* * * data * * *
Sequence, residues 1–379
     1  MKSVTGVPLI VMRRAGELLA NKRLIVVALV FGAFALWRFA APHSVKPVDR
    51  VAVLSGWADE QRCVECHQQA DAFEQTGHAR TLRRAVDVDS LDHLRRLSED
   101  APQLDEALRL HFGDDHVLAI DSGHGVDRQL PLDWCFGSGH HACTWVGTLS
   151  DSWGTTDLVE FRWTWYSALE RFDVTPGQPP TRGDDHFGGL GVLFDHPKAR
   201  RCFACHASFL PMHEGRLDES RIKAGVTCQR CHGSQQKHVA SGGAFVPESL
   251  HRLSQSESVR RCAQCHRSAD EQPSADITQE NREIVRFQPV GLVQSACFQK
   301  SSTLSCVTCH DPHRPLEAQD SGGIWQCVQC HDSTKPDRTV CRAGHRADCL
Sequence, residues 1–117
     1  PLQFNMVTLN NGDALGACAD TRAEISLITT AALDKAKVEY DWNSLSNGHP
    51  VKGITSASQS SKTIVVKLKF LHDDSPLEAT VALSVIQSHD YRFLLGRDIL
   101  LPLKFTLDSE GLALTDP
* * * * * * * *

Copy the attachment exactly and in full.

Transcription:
Sequence, residues 1–379
     1  MKSVTGVPLI VMRRAGELLA NKRLIVVALV FGAFALWRFA APHSVKPVDR
    51  VAVLSGWADE QRCVECHQQA DAFEQTGHAR TLRRAVDVDS LDHLRRLSED
   101  APQLDEALRL HFGDDHVLAI DSGHGVDRQL PLDWCFGSGH HACTWVGTLS
   151  DSWGTTDLVE FRWTWYSALE RFDVTPGQPP TRGDDHFGGL GVLFDHPKAR
   201  RCFACHASFL PMHEGRLDES RIKAGVTCQR CHGSQQKHVA SGGAFVPESL
   251  HRLSQSESVR RCAQCHRSAD EQPSADITQE NREIVRFQPV GLVQSACFQK
   301  SSTLSCVTCH DPHRPLEAQD SGGIWQCVQC HDSTKPDRTV CRAGHRADCL
Sequence, residues 1–117
     1  PLQFNMVTLN NGDALGACAD TRAEISLITT AALDKAKVEY DWNSLSNGHP
    51  VKGITSASQS SKTIVVKLKF LHDDSPLEAT VALSVIQSHD YRFLLGRDIL
   101  LPLKFTLDSE GLALTDP